(C) the material used in the construction or lining of the tank is compatible with the substance to be stored.

As a limited exception, section 9003(g)(2) allows the installation of tanks without corrosion protection in soil with a resistivity of 12,000 ohm-cm or more. Under that provision, soil tests must be conducted in accordance with American Society for Testing and Materials (ASTM) Standard G57-78.

II. Purpose of the Interpretive Rule

An interpretive rule is a statement issued by an agency to advise the public of the agency's construction of the statutes and rules that it administers. An interpretive rule simply construes the language of the statute or regulation and does not impose additional obligations. Such rules are exempt from the notice and comment requirements of the Administrative Procedures Act, 5 U.S.C. 553(b)(A) (1982). A substantive rule, such as the new tank standards authorized by section 9003(e), is a rule that is issued by an agency pursuant to statutory authority that implements the statute. EPA intends this notice to be an interpretive rule, not a substantive rule.

Section 9003(g) establishes statutory requirements that took effect on May 7, 1985 without prior action on the part of EPA. Several of the requirements set forth under section 9003(g) are in the form of performance standards. EPA believes that the interpretive rule clarifies obligations of the regulated community in complying with the interim prohibition. The rule also puts the regulated community on notice of the circumstances under which the Agency will proceed with enforcement action for noncompliance.

III. Other Related EPA Activities

On July 15, 1985, EPA codified the statutory language of section 9003(g) in its regulations at 40 CFR 280.2.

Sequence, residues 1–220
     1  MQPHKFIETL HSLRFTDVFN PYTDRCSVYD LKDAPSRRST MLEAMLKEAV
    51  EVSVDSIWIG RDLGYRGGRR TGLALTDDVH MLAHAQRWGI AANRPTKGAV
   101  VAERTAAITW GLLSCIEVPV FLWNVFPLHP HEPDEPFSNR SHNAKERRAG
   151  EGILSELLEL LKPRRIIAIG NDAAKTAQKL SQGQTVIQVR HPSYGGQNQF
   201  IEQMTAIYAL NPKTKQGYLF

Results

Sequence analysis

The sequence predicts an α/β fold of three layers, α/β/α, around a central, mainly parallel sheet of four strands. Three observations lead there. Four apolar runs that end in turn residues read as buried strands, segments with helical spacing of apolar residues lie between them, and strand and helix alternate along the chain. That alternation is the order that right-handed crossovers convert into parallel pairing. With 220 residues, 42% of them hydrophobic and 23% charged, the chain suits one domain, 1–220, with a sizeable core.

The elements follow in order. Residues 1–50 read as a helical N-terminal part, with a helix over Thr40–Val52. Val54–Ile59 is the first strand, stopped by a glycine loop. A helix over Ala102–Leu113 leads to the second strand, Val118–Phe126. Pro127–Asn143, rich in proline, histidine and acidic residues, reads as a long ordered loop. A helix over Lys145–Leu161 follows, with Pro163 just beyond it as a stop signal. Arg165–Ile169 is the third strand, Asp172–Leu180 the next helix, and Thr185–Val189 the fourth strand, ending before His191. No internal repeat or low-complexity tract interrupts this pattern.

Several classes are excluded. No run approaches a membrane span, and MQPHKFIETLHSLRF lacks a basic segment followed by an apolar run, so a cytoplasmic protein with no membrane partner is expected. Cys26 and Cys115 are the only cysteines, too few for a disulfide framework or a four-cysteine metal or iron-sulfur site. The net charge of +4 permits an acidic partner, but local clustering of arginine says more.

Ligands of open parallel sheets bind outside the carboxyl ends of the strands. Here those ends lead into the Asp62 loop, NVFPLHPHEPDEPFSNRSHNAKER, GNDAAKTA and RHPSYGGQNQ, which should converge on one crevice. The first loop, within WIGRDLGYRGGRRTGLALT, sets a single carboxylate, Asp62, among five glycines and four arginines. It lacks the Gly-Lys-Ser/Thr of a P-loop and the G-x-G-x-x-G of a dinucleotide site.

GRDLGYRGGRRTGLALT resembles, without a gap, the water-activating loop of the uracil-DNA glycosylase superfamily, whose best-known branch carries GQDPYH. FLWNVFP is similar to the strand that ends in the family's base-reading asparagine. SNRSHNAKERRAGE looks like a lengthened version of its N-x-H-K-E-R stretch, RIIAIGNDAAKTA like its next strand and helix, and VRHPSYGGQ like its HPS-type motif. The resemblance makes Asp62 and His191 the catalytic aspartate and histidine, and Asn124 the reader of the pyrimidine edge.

EPA is preparing a guidance document that is available in draft form in the Regional Offices. This document discusses methods and technologies for preventing releases from tanks due to corrosion, structural failure, or the storage of materials that are incompatible with the tanks' construction or lining. This guidance will assist tank users in determining effective approaches to meet the performance standards in section 9003(g).

IV. Legislative History of Section 9003(g)

Many of the storage tank provisions now contained in Subtitle I, including section 9003(g), had their origins in a bill introduced by Senator Durenberger on February 29, 1984 as an amendment to the Safe Drinking Water Act, 130 Cong. Rec. S2026 (Feb. 29, 1984). Among these provisions was a requirement that EPA promulgate new tank standards within nine months of the date of enactment of the proposed amendments. Such standards were to include a prohibition on bare steel tanks. Id. at S2026. The provisions established an exception from the bare steel tank ban "where the Administrator finds there is minimal danger of corrosion." Id. In describing that provision, Senator Durenberger stated that "installation of common but less adequate tanks--those made of bare steel--would be prohibited unless the hydrogeology of the area is such that there is a minimal danger of corrosion." Id. at S2027.

On July 25, 1984, Senator Durenberger offered a modified version of his storage tank provisions as an amendment to RCRA. 130 Cong. Rec. S9164 (July 25, 1984). This amendment was passed by the Senate. Id. at S9201. In this modified version, the deadline for new tank standards was extended and the bare steel ban was converted into an interim requirement that new tanks be installed in accordance with enforced national consensus code." This requirement was to go into effect ninety days after the bill was passed and remain effective until EPA promulgated new tank standards. Id. at S9163-64.